However, in a testament to Schultz’s leadership and business acumen, he recognized the need to set aside personal attachments and focus on the long-term success of the business and the brand. This marked a pivotal life lesson — the ability to step back, detach emotionally, and objectively evaluate what is truly best for the company.
In this introspective moment, Schultz urged his team to envision a scenario where a new CEO, devoid of any emotional ties to prior decisions, was brought in to lead the company. What decisions would such an impartial leader make? This perspective encouraged everyone to adopt a fresh, unbiased approach to the decision-making process.
To facilitate this critical evaluation, Schultz engaged everyone in a comprehensive decision-making process that involved weighing the pros and cons. Schultz, known for his inclusive leadership style, ensured that every voice was heard in this deliberative process.
Schultz sought the expertise of Terry Heckler, the creative mind behind the original naming of Starbucks.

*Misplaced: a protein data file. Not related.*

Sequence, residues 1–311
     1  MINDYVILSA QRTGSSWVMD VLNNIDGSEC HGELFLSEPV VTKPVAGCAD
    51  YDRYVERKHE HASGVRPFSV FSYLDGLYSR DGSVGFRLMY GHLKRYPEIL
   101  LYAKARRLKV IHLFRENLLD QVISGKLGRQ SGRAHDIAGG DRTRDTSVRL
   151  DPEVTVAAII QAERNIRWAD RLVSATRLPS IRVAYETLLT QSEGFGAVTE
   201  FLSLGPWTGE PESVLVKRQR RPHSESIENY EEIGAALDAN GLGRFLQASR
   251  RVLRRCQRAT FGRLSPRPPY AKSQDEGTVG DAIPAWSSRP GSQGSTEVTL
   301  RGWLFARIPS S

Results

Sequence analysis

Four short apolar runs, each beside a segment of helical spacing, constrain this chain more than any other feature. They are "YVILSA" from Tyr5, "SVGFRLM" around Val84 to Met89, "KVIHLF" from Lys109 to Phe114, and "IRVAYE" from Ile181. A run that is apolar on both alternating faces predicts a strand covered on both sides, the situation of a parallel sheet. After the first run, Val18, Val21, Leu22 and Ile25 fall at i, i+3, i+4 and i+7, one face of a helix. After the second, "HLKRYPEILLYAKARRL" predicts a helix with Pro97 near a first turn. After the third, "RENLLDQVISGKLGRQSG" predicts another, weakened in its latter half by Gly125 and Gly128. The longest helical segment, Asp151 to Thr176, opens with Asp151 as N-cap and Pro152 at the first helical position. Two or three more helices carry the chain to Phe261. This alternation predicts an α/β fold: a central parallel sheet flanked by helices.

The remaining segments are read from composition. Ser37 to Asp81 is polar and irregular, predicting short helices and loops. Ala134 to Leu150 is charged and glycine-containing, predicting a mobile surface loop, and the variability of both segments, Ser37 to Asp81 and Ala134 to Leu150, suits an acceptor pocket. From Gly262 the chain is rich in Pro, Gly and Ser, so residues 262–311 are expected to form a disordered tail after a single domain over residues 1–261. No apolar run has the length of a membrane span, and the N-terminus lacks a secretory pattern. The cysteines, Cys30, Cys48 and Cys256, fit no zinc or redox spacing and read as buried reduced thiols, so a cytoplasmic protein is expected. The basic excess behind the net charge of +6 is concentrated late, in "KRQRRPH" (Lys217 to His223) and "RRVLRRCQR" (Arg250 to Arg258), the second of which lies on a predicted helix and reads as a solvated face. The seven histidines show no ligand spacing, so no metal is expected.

Terry’s insights were clear and pragmatic. He articulated that Il Giornale, while charming and rooted in Italian authenticity, posed practical challenges. Its spelling, pronunciation, and ease of mention over the phone were hurdles, particularly in a U.S. business landscape. Despite two years of operation, Il Giornale lacked widespread recognition, with its association predominantly tied to Italian espresso culture.
In contrast, Starbucks carried a unique allure. Its simplicity in pronunciation, spelling, and mention over the phone made it a practical and recognizable choice. Heckler emphasized the magic inherent in the Starbucks name, citing its ability to pique curiosity and its established aura around Seattle. Importantly, Starbucks felt distinctly American, contributing to its broad appeal. In this light, Starbucks emerged as the clear winner — an easy, relatable name that customers could effortlessly say, write, recognize, and remember.
Despite the close-knit Il Giornale team’s emotional investment and the fear of losing what they had diligently built, the team removed Il Gironale's name from stores and replaced it with Starbucks.
This pivotal decision, while emotionally charged, showcased a commitment to the long-term value of the business and a dedication to providing customers with a brand name that was not only iconic but also easy to engage with. In this strategic move, Howard Schultz and his team demonstrated a profound understanding of the importance of customer-centric thinking in shaping the identity of a brand.